Over 100 people gathered to protest against the curfew that is impacting the homeless and potentially giving more power to the police
In response to the rising cases of COVID-19 in Quebec, the provincial government has enacted a controversial curfew, which is seen to negatively impact the homeless and people in poverty. There has been public outcry and protests against the curfew.
The group responsible for the demonstration on Jan. 16, Pas de solution policière à la crise sanitaire, stated the protest was to push back on the increased power being given to the police.
In a press release, the organization stated they do not affiliate with right-wing groups, such as the anti-mask and anti-lockdown protests that have taken place in recent months.
“This demonstration aims to denounce the political choice of Legault’s government to impose a curfew throughout Quebec in response to the increase in cases, by hospitalizations, and deaths related to COVID-19,” read the statement. “After 10 months of a health crisis, the CAQ is again opting for the police solution.”
In a public statement, the group said that the goal of the protest was to denounce the use of police in a public health crisis, and encourage the government to relocate those funds in a more effective manner.
Let us stand in solidarity in the face of police repression, let us learn not to leave anyone behind,” said the statement.
“The police presence really affects the homeless people in a negative way, because they are trying to avoid the police,” said Jessica Quijano, a spokesperson for the Defund the Police Coalition and a member of the Iskweu Project, an initiative of the Native Women’s Shelter of Montreal.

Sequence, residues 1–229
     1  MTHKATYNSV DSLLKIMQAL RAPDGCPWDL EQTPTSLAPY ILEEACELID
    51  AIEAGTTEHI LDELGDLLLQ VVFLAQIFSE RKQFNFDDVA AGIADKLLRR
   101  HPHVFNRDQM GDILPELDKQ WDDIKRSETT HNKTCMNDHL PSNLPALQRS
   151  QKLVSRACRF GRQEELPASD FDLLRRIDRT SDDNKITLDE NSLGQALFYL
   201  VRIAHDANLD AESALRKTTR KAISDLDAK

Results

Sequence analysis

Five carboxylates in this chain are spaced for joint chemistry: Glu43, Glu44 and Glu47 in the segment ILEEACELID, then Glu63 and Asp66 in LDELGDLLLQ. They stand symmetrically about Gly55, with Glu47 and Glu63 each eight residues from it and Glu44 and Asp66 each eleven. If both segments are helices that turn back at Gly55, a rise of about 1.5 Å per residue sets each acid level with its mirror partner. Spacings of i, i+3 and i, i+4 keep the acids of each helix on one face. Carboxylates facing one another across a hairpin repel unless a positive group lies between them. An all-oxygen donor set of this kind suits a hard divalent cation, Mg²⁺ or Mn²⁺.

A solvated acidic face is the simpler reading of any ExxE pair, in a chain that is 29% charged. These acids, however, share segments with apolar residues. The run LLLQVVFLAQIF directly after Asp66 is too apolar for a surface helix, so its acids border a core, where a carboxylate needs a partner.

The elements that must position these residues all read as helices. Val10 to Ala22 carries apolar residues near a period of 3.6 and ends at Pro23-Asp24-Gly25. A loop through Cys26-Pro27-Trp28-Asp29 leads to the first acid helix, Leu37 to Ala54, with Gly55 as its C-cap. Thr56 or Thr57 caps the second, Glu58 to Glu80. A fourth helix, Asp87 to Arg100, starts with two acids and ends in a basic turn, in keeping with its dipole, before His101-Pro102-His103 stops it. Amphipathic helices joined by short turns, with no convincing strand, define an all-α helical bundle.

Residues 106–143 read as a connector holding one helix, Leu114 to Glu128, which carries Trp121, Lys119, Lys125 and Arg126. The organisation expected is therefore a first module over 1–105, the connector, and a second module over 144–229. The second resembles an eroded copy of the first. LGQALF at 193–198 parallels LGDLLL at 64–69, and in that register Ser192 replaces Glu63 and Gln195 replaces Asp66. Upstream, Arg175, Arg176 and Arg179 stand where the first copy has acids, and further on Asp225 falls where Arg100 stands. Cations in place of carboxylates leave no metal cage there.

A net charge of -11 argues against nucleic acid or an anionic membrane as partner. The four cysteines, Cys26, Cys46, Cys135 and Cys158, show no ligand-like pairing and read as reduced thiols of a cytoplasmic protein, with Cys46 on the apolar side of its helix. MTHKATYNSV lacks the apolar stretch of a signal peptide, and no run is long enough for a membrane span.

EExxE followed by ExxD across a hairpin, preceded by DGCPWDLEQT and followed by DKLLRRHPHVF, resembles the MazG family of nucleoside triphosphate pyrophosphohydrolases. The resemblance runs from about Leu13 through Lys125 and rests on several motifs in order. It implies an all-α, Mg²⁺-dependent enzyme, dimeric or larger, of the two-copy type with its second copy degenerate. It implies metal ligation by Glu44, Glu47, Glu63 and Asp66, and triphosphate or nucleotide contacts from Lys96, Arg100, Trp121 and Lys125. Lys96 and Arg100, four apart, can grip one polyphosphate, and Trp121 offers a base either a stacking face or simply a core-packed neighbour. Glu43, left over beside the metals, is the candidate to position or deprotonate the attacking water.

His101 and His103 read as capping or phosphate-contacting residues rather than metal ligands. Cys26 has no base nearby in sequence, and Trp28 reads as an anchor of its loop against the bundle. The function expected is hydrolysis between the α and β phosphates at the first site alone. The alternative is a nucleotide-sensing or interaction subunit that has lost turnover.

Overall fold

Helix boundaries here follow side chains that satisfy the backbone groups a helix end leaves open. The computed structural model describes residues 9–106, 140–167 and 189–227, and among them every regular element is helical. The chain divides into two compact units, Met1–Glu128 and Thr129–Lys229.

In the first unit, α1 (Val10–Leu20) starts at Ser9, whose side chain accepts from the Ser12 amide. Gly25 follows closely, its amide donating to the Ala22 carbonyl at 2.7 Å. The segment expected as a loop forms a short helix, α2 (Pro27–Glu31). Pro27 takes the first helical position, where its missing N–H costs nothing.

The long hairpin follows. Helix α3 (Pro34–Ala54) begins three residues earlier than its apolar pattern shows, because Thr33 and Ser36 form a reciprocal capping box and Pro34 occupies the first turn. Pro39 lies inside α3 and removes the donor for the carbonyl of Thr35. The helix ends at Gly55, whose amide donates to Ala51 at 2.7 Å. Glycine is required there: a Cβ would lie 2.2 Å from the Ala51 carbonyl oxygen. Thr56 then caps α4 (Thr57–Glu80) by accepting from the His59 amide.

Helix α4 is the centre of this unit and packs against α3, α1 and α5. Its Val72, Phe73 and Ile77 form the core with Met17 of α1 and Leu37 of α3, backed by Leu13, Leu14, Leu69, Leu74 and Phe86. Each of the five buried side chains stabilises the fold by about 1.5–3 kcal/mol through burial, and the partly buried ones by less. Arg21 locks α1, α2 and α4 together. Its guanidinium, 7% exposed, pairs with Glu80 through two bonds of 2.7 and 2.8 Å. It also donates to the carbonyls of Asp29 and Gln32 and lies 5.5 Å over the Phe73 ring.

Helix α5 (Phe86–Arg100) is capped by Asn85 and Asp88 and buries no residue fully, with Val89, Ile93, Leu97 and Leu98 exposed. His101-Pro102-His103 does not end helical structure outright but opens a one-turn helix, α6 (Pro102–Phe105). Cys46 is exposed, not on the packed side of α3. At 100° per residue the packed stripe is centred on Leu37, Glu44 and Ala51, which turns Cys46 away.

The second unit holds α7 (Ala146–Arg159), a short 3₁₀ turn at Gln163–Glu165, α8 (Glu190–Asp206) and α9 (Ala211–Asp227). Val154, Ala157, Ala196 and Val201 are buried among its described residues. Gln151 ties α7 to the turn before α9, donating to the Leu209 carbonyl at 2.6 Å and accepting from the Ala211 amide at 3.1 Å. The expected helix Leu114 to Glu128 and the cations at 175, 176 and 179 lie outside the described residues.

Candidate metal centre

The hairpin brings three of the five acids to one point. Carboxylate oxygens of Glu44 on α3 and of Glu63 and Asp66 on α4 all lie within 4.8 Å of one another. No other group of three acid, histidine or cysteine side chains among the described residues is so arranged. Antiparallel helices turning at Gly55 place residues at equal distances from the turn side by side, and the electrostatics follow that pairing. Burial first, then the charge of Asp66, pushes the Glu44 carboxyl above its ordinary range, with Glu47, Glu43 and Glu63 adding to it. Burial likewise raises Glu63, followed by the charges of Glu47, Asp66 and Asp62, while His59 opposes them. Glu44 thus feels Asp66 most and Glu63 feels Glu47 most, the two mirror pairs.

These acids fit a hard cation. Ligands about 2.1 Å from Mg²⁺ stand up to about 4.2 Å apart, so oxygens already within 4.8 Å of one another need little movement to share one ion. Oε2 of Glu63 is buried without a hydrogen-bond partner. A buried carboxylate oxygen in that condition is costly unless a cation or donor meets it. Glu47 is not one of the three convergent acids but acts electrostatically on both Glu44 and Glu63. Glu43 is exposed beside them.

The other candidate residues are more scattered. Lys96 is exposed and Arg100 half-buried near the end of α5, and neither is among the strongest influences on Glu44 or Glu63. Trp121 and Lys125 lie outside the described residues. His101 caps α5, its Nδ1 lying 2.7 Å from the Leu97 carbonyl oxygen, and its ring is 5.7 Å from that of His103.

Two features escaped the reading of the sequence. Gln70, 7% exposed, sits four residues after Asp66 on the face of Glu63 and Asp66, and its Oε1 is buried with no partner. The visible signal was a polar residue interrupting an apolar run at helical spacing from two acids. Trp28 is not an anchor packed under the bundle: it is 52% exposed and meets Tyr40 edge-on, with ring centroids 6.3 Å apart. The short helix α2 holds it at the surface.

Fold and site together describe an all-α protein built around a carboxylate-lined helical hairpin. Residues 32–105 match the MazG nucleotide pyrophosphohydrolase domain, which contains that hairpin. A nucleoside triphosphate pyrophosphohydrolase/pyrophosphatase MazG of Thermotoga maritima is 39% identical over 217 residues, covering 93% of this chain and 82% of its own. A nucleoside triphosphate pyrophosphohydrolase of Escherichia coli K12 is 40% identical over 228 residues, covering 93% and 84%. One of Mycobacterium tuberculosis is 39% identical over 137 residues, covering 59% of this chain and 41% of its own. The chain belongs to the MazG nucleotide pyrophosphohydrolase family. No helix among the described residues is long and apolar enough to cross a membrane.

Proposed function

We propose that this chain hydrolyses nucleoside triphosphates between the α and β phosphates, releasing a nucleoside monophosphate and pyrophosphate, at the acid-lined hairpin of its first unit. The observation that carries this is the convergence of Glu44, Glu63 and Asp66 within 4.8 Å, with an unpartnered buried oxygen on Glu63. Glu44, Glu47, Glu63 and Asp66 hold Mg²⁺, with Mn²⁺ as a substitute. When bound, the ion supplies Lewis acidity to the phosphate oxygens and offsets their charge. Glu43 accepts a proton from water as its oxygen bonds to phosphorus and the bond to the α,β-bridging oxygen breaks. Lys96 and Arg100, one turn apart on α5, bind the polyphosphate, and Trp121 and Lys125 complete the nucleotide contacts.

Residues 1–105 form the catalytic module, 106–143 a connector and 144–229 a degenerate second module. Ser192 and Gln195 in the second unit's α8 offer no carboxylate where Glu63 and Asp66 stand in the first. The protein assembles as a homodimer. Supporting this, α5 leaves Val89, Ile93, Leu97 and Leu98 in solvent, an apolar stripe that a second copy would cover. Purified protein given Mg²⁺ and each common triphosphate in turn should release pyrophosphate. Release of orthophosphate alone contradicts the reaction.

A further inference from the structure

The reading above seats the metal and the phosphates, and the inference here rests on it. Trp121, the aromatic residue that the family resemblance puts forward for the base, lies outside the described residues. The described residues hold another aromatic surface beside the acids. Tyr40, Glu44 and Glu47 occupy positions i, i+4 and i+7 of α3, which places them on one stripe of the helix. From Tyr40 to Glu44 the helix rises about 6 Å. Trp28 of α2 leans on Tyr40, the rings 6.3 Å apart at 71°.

Quijano spoke about the recent death of an Innu man that was living on the streets. According to a CTV article, the man froze to death near the Open Door homeless shelter, which due to the COVID-19 restrictions, was no longer allowed to have clients overnight.
Quijano explained that police presence doesn’t help in a pandemic; she used the criminalization of people during the AIDS crisis as an example.
We can’t trust the police to use their discretion, because we know that the SPVM has a history of racism,” she said.
“At least offer a house to the homeless, and not just shelters, places where people could isolate and be comfortable,” she said, explaining that the best solution to the issue is giving the homeless resources. “Not giving people tickets, not to people that are already in poverty.”
Quijano explained that before the curfew was implemented, there were outbreaks in shelters and homeless people who had tested positive were walking around in public. The curfew has just added to the shelters’ struggles to serve the homeless community in a safe way.
“It makes you really question the legitimacy of the public health [association] when they are making these decisions,” Quijano said.
On Tuesday, Montreal Mayor Valérie Plante called for homeless people to be exempt from the curfew, but later that day during a COVID-19 press brief, Premier François Legault rejected it, as he believes people would impersonate the homeless to get out of curfew.
The SPVM said in a statement that officers have to show tolerance and judgement in their interventions with the homeless.
“Before giving a ticket, each situation is analyzed in consideration of the specific context and particularities,” read the statement. “If it’s possible, officers can also accompany these persons to the appropriate resources.”
“These are necessary measures to counter the spread of the virus,” said Marie-Louise Harvey, media spokesperson for the Ministère de la Santé et des Services sociaux, who explained that the priority of the curfew and the restrictions was to lessen strain on hospitals.
She also stated that while the ministry has no official survey of the population’s view of the curfew, “It does know that a certain percentage of the population is unhappy with the situation.”
Graphic by Taylor Reddam